Your own mind

Of all the minds in the world, the one we think we know the most is our own self. Yet psychologists have carried out numerous experiments showing that self-knowledge is often quite limited. People do things but often misconceive the reasons why they do them. Pioneering studies by Benjamin Libet showed that when people make a decision, for example to push a button, the brain is activated a fraction of a second before the intention enters the conscious mind. The implication is that the conscious feeling that you are making a decision is an illusion: it is a rationalisation for what the unconscious mind has already decided.

The Mind Club is written in an entertaining fashion and is filled with all sorts of observations about minds. You can learn a lot even if you don’t agree with every point raised by the authors. The book is a highly successful popularisation. I can recommend it to you knowing that whether you decide to read it is not necessarily something you can consciously control!


Daniel Wegner

“Trying to perceive your dead mind is paradoxical, because you have to perceive a state that is incapable of perception – which is impossible while you are currently perceiving.” (p. 243)


Kurt Gray

“Despite the ultimate uncertainty surrounding the question of other minds, it is likely that everyone you know has the same powerful emotions and deep thoughts as you do. Unfortunately, your own collection of memories, thoughts, and feelings – your mind – prevents you from truly appreciating that fact. Being one mind prevents you from truly appreciating the minds of others.” (p. 321)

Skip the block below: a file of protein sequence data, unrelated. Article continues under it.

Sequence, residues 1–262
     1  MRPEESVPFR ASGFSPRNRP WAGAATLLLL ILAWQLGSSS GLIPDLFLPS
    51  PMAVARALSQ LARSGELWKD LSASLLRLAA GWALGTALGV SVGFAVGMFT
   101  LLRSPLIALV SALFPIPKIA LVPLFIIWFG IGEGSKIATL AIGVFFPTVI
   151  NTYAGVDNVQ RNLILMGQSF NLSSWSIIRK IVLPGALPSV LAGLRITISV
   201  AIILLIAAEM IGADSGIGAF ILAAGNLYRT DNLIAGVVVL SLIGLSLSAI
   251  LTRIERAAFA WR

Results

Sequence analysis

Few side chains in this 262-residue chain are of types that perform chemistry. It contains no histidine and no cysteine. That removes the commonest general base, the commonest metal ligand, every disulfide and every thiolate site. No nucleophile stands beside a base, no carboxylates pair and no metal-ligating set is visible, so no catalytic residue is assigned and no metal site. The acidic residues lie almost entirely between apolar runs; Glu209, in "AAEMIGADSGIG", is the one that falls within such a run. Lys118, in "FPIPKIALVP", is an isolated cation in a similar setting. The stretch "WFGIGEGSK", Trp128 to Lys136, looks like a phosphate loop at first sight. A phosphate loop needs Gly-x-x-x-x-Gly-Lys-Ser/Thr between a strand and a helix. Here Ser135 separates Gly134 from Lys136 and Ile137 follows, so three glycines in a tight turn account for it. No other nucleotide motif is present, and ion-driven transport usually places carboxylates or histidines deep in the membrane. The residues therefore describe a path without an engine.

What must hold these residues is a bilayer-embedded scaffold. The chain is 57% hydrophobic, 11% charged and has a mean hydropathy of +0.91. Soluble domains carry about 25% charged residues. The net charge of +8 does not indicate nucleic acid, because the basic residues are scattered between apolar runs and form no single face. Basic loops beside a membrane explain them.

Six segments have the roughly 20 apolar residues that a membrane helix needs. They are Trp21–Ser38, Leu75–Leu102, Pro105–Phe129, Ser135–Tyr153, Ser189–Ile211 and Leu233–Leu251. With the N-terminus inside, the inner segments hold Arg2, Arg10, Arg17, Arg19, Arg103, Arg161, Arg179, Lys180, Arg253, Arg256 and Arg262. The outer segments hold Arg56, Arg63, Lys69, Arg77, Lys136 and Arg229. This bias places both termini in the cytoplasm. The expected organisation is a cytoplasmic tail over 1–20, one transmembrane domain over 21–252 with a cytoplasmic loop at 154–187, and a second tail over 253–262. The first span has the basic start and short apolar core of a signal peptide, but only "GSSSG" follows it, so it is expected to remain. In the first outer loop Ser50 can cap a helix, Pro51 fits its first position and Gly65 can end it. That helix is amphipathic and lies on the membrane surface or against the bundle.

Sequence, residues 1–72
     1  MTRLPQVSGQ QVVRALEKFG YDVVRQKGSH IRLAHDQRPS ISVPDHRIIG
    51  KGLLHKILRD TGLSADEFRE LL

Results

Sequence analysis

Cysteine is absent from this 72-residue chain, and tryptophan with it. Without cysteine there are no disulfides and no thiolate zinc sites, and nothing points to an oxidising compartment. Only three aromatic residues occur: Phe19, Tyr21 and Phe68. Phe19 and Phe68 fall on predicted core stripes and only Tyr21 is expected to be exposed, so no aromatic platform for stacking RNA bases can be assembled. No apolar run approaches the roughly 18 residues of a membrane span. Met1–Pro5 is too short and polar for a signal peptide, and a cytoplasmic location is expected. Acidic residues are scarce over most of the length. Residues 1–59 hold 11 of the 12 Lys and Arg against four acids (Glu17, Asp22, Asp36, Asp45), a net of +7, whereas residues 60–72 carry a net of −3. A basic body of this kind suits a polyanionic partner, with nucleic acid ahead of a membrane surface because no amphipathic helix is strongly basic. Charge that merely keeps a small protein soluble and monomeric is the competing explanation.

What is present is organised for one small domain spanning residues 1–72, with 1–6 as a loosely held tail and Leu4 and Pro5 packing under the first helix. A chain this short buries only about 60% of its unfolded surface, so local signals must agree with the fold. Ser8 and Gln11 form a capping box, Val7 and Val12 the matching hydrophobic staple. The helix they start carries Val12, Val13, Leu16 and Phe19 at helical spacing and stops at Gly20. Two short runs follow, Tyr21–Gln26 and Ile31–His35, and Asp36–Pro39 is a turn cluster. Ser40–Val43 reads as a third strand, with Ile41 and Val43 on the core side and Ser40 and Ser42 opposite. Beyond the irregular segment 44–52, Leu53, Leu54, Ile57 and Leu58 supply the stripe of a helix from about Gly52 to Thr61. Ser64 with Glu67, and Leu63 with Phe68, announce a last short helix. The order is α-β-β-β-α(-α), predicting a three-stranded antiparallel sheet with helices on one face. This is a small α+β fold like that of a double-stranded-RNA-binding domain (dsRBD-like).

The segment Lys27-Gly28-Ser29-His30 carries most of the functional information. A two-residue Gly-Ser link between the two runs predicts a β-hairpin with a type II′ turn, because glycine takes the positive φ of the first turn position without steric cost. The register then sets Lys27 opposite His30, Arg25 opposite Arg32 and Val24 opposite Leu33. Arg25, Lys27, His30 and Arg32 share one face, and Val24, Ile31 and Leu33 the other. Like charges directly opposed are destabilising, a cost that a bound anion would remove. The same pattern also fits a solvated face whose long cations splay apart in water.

Brian Martin
bmartin@uow.edu.au

The advantages of negative emotions

Happiness is a good thing, but there are also advantages in other emotional states.

 

Most people would like to be happy, and strive for it in various ways, everything from eating chocolate and taking holidays to helping others. But in the pursuit of happiness, is something being missed? Are there actually some advantages in being unhappy?

From 2009 to 2016, Chris Barker and I coordinated a course on happiness. We assigned weekly readings, most of which were about activities or ways of thinking that research shows increase happiness, for example physical activity, gratitude, mindfulness and optimism. To give a bit of balance to the readings, and encourage students to question the dominant orientation, Chris and I wanted to include a text providing a critique of research on happiness. However, we had a hard time finding a suitable reading. Most of the critiques of positive psychology are written in a technical and difficult-to-understand style and were not suitable for our course, which included students from engineering, science, law, education and other fields, with many international students.

Too late, I discovered the ideal source: The Upside of Your Dark Side, by Todd Kashdan and Robert Biswas-Diener, published in 2014. The authors are psychologists who have written extensively on wellbeing. They are fully aware and supportive of the goal of being happy and all the things that contribute to improving happiness. However, they became concerned about an emerging obsession with being happy, an obsession that obscures the advantages of other mental states. In short, they think it is important to be aware of, and sometimes embrace, the “dark side” of human emotions.